With construction underway since April, the historic CTA Quincy Loop ‘L’ Station at 220 South Wells is on its way to receiving official landmark designation after the Commission on Chicago Landmarks voted at the July meeting to allow the designation process for the Quincy ‘L’ Station to move forward. Built in 1897 and designed by Alfred M. Hedley and J.A.L Waddell in the Neoclassical style with Palladian influences, the 120-year old station is one of the oldest and is the best preserved of the CTA’s first generation ‘L’ stations.
“The Quincy ‘L’ station has served riders for more than 100 years, providing Chicagoans with convenient access to and from Chicago’s downtown Loop,” said CTA President Dorval Carter. “These improvements will retain the station’s historic appearance while making necessary upgrades including the addition of two elevators.”
During planning and design, the CTA was mindful of the need to both sensitively handle the station’s many important historic elements while upgrading the station for contemporary use. The $18 million plan includes two new elevators along Wells Street which will make the station accessible to customers with disabilities. The elevators were intentionally set away from the historic station house to avoid interfering with their historic elements. Other improvements include an accessible covered walkway and new exit stairs. Existing platforms and station house will be modified to accommodate the expanded walkway. Lighting will be upgraded and the station painted and spruced up.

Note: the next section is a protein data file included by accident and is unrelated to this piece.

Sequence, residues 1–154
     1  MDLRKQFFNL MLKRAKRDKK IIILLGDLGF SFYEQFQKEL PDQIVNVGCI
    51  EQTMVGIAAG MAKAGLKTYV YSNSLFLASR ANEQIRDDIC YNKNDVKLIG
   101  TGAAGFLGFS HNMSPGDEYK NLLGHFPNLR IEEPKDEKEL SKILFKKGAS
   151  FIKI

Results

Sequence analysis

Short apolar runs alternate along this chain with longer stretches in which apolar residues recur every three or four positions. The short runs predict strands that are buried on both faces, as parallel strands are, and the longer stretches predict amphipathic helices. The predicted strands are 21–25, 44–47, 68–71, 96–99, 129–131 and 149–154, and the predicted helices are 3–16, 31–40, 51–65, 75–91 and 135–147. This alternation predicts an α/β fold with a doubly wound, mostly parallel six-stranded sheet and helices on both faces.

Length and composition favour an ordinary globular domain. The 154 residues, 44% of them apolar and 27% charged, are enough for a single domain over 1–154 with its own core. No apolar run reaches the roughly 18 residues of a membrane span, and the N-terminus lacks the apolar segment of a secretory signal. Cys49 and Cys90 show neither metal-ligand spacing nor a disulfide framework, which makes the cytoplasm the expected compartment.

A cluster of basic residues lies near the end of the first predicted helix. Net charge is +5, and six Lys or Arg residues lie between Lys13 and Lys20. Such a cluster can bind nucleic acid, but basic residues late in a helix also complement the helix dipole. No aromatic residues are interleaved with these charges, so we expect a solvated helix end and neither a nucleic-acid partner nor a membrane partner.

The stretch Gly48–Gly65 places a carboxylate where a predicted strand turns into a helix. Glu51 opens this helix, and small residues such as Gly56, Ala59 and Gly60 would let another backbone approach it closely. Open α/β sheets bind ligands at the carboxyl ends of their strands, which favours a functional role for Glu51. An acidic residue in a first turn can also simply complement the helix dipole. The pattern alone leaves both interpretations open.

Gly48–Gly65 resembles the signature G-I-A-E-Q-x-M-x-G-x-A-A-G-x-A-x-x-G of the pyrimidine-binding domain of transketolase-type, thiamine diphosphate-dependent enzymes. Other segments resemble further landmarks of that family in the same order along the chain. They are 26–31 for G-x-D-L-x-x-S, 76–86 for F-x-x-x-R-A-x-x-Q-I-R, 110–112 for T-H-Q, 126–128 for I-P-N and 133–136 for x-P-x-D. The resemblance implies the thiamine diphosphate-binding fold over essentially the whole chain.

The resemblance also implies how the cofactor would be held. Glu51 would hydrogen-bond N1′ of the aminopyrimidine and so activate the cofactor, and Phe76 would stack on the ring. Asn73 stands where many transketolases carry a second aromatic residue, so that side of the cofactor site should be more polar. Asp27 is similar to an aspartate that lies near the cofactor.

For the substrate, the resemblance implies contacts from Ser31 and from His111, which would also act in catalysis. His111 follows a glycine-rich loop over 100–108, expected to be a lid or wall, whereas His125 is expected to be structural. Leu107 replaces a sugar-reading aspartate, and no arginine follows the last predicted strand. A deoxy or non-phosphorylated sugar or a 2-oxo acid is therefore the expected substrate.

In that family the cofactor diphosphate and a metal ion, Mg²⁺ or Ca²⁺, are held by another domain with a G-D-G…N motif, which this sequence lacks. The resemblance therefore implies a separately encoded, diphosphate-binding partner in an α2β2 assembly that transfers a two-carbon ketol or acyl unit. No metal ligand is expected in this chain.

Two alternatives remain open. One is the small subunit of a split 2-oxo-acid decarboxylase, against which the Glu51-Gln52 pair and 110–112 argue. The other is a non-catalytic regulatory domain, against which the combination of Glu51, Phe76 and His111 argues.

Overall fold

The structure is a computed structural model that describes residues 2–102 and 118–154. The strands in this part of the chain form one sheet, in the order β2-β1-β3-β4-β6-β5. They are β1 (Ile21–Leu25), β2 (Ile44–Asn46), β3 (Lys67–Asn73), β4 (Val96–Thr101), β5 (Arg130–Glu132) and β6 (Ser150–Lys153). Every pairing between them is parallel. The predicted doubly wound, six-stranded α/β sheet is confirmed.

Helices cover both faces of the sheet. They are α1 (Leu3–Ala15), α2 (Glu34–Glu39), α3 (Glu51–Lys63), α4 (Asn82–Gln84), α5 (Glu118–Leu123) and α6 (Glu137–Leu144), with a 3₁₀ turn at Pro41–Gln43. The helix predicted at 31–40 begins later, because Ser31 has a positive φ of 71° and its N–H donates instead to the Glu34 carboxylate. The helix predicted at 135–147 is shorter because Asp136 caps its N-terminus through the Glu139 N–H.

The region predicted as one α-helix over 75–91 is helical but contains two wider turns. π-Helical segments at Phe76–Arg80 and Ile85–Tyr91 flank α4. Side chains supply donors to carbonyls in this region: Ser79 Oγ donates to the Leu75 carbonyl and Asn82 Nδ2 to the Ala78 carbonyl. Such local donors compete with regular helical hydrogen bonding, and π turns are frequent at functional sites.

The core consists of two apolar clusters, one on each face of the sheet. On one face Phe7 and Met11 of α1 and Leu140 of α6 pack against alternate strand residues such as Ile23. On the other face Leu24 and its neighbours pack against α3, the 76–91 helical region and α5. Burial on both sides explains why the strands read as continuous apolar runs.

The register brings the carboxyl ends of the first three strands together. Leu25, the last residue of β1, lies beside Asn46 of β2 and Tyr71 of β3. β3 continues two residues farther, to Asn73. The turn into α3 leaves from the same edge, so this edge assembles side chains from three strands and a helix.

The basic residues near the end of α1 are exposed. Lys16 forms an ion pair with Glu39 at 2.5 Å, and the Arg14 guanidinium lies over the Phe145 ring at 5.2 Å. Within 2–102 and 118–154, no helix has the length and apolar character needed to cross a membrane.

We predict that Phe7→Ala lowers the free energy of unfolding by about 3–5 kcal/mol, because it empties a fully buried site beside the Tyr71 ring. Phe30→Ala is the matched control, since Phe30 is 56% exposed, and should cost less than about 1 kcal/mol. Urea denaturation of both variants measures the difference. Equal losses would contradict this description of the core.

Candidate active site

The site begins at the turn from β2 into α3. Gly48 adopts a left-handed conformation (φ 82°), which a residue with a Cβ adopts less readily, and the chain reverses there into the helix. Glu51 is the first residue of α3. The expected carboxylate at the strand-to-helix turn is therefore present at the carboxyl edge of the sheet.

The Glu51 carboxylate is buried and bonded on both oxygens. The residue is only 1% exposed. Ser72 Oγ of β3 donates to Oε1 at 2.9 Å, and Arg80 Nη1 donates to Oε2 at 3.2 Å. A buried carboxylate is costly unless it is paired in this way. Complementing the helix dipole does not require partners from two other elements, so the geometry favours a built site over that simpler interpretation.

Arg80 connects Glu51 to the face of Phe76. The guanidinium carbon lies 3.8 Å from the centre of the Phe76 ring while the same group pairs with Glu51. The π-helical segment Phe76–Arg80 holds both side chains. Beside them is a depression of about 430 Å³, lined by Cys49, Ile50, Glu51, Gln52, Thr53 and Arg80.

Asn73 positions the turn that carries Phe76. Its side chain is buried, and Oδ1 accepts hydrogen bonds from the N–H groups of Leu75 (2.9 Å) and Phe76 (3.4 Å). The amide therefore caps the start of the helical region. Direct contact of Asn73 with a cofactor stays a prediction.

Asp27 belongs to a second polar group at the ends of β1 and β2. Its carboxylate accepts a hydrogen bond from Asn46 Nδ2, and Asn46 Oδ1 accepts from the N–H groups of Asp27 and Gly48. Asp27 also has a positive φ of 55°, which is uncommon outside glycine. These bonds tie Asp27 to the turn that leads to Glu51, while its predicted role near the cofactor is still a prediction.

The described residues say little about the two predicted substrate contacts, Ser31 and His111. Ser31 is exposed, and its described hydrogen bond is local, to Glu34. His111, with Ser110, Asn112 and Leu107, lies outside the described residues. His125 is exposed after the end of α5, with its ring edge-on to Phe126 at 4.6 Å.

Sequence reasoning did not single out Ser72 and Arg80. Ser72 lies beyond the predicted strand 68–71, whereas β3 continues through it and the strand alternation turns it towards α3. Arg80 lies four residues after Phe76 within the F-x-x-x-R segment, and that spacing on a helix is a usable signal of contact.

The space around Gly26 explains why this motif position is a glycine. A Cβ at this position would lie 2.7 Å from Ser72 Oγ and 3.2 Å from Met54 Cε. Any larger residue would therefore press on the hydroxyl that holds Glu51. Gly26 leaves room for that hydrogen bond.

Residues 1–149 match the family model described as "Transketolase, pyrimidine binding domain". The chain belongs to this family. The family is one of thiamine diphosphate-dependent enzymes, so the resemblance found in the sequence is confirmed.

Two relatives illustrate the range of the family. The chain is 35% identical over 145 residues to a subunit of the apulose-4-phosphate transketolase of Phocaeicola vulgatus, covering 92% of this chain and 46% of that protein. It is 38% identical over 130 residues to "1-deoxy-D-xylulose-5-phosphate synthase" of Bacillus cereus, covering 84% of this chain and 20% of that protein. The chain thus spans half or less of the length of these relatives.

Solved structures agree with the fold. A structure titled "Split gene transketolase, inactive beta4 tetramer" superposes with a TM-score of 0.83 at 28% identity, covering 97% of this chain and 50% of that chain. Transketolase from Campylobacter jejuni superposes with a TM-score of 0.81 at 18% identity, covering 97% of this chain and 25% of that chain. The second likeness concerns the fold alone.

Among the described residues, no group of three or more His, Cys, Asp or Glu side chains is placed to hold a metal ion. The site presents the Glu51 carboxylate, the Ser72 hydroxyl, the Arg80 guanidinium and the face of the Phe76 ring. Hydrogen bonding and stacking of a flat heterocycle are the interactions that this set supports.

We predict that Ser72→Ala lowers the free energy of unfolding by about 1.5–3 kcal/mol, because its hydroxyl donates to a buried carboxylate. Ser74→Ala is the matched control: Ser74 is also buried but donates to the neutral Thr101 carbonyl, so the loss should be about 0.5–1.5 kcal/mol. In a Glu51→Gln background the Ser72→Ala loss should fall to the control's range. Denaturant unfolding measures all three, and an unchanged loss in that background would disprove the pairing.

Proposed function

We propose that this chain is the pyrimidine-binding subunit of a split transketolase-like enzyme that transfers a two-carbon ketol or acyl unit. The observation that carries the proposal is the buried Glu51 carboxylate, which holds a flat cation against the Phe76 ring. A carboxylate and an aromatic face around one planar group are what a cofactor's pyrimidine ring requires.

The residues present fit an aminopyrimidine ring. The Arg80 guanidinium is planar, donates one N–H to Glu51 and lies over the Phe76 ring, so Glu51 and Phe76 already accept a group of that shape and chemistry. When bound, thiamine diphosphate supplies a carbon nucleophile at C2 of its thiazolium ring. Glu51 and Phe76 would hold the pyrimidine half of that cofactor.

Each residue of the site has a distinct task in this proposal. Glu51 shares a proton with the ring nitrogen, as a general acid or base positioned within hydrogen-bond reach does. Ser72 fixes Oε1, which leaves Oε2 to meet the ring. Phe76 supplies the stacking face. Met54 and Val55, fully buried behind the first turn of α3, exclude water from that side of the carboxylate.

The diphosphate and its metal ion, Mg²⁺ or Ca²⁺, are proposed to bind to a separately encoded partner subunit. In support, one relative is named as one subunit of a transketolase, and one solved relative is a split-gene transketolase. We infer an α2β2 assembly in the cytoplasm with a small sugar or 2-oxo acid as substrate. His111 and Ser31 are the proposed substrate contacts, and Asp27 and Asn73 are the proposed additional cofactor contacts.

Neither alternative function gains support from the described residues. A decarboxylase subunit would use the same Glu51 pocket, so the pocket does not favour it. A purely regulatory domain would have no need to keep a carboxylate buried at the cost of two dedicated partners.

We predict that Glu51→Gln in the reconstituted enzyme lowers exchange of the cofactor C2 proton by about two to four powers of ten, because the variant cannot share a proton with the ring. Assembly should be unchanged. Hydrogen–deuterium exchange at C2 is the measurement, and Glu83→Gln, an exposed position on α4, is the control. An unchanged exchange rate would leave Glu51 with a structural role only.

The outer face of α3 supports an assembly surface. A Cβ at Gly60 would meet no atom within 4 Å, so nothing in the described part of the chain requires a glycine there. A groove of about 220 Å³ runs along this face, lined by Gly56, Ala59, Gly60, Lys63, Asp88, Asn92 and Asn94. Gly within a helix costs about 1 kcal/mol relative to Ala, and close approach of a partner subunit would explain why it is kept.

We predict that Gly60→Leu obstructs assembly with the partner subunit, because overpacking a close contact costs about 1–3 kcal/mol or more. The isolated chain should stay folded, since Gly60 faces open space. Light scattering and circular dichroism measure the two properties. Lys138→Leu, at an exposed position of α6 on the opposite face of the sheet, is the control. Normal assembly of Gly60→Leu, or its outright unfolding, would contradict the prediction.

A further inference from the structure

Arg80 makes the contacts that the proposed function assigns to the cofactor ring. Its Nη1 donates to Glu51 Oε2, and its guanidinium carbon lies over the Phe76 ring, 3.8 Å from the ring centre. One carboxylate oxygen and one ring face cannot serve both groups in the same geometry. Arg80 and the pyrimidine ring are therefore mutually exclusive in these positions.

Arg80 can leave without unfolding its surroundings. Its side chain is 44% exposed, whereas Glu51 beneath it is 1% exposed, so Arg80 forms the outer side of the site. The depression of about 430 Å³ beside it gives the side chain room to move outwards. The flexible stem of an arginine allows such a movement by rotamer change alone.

The station’s historic character is largely intact thanks in part to the preservation sensitive restoration in 1988 by the Office of John Vinci, now Vinci-Hamp Architects, including the replication from the original 1897 drawings of the ticket agent’s booth. “The interior retains its pressed tin walls and ceiling and tongue-in-groove chair-rail wood paneling. Most is original and what was damaged or missing was recreated. New replicas of the oak doors and moldings were created and installed. The original fare collection booths are still in place, as well as old fare register equipment.” (Chicago-L.org)
The station provides more than 2.2 million rides annually on the Brown, Orange, Pink and Purple lines, is a major multi-modal transfer point for ten CTA bus routes, and is proximate to Union Station and the LaSalle Street Metra Station.
Preservation Chicago applauds the CTA for recognizing and respecting the historic character of the Quincy ‘L’ Station. Our organization’s long effort to save the Madison-Wabash Station House and the continued interest in the station house façade panels on temporary exhibition at the Rebuilding Exchange has helped to raise and maintain awareness of the importance of the CTA’s historic station houses. We look forward to announcing a permanent home for the Madison-Wabash Station House panels in Chicago later this year.